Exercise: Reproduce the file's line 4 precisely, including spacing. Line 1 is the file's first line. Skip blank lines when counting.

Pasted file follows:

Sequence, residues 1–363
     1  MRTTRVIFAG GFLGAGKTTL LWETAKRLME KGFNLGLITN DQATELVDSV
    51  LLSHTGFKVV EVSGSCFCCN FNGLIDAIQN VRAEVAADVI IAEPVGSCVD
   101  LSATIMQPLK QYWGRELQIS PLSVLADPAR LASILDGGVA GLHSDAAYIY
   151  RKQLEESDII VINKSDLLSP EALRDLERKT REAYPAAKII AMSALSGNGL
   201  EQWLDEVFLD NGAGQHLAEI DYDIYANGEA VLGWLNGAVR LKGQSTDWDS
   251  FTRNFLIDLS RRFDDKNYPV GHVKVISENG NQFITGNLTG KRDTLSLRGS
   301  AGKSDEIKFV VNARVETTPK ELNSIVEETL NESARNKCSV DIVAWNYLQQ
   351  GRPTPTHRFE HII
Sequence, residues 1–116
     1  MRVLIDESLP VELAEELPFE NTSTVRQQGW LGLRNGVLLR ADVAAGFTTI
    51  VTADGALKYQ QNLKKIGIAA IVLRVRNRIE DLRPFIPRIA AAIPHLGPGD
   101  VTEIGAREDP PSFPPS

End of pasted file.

   101  LSATIMQPLK QYWGRELQIS PLSVLADPAR LASILDGGVA GLHSDAAYIY